Hydration is always important — especially during a hot Florida summer. Here’s how to ensure you have plenty of fluids throughout the season.
Water is the ultimate life-giver, and it plays just as big a role in our bodies as it does in nature.
Water makes up nearly 60% of our bodies and plays a huge role in our health. That’s why staying hydrated is paramount every day — and even more so in the summer, said Lisa Cooper — a registered dietitian at the Orlando Health Center for Health Improvement at Orlando Health Horizon West Hospital.
“It has so many functions,” Cooper said of water. “It’s used to manufacture neural transmitters and hormones, and it’s important for growth and reproduction, and it helps to flush waste out of the body and it helps to lubricate your joints … and all important it helps regulate your body temperature. It has so many different functions, and since it is a large part of us, just losing a little bit can have an impact on how we feel.”
There are two extremes that can really take a toll on our health: Overhydration and dehydration. The former, also known as hyponatremia, is much less common — Cooper said she had only really heard of it with endurance athletes — but nevertheless can still be dangerous. Just as with anything, too much water can be bad for your health. Too much fluid in the body can dilute the plasma sodium in your body — leading to confusion, fatigue and weakness.
Conversely, dehydration is incredibly common, Cooper said. And water loss happens through a variety of factors that you may not realize.
“You’re losing water always through breathing, coughing, sneezing and sweat,” Cooper said. “Exercise in climate plays such a big role, so people in Florida or in Orlando versus the coast are going to have different fluid requirements and losses, so you really have to know yourself.
“Thirst is a good guideline,” she said. “If you’re thirsty, your body is telling you to rehydrate. But if you have more than a 2% weight change, the effects are things like changes in mood, possibly memory, attention and definitely athletic performance.”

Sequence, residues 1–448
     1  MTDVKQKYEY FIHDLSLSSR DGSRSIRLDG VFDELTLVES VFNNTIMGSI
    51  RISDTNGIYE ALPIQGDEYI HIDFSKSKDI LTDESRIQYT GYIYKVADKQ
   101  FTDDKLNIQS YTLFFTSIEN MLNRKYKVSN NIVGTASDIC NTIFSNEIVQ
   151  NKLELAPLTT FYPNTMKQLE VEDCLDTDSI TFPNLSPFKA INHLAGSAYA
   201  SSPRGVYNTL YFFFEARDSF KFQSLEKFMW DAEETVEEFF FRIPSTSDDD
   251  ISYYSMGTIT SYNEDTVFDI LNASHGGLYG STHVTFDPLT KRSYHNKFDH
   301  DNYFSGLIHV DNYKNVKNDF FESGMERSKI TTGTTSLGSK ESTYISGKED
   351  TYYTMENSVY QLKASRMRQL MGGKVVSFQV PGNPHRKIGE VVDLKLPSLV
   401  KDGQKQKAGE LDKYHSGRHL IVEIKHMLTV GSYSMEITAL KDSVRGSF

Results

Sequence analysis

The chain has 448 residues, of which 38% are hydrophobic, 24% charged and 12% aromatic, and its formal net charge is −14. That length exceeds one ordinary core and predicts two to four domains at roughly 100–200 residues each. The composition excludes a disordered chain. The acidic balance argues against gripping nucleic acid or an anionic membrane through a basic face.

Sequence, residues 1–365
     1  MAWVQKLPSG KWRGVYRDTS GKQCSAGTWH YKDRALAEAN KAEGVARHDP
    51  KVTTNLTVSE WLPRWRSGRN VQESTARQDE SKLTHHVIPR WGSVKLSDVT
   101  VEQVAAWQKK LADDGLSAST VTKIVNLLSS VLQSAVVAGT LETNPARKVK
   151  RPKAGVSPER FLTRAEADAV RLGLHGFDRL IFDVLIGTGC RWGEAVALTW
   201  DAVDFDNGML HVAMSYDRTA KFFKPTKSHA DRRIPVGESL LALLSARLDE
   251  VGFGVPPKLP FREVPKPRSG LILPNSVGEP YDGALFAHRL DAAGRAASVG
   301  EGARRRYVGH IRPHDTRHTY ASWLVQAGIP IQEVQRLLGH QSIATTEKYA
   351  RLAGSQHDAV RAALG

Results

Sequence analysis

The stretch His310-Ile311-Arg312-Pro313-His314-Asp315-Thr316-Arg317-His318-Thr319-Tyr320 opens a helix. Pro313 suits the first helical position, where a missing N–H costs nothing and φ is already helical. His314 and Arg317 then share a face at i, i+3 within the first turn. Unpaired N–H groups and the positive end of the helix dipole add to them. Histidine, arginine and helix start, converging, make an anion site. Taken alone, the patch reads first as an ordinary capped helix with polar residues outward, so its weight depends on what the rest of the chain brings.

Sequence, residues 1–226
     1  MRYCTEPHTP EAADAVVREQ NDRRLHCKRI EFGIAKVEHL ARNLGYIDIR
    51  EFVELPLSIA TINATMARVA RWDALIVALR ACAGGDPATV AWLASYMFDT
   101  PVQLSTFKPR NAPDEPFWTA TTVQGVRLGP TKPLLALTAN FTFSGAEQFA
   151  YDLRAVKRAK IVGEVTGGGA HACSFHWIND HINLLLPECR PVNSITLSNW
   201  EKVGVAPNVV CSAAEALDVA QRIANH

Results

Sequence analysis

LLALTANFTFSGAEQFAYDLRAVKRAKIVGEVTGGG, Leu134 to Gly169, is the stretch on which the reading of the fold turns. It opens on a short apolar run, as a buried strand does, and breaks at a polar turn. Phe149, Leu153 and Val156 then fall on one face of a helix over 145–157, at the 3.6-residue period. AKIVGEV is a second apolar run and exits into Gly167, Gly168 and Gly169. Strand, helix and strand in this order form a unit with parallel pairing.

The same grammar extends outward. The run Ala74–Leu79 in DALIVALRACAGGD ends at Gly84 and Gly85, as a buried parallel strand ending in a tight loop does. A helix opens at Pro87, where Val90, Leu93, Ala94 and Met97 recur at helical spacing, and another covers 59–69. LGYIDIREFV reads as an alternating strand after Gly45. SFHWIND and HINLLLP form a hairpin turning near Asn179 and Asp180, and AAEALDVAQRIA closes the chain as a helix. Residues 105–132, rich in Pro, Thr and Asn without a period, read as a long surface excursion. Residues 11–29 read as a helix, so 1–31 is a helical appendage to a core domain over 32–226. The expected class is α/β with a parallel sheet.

Another telltale sign is urine color. Cooper said it should be a straw yellow color. If it’s a darker yellow, then you’re dehydrated, and if it’s clear, then that’s a sign that you’re drinking too much water.
The proper amount of water varies depending on a variety of factors — body size, gender, health background and the amount of exercise one does. According to the U.S. National Academies of Sciences, Engineering, and Medicine, the recommended intake for men is 15.5 cups per day, while women should drink around 11.5 cups. Those amounts include the total intake — both food and liquid.
There’s also is a mathematic equation that can be used to determine how much water you need following exercise or a day working in the yard. Before the activity, weigh yourself and note your weight. After you’re done, weigh yourself again. For each pound you lost while being active, drink 16 ounces of water.
If you don’t care for water, there are other ways to hydrate, Cooper said.
“There (are) little tricks that you can play with yourself,” Cooper said. “For some people, it’s just a quantity issue — a 16-ounce water bottle seems overwhelming, so you get them a little tiny one, and sometimes that’s enough. If they don’t like water, they can put fruit or herbs (in). You can do the fruit infusions — that works for people — or lemon or lime, and (for) some people sparkling water does the trick.”
Many foods, such as celery, cabbage, radishes, watermelon and strawberries, also can hydrate.
Meanwhile, sports drinks — such as Gatorade — should really only be consumed by those who are doing long, intensive work where they need both hydration and electrolytes, Cooper said.
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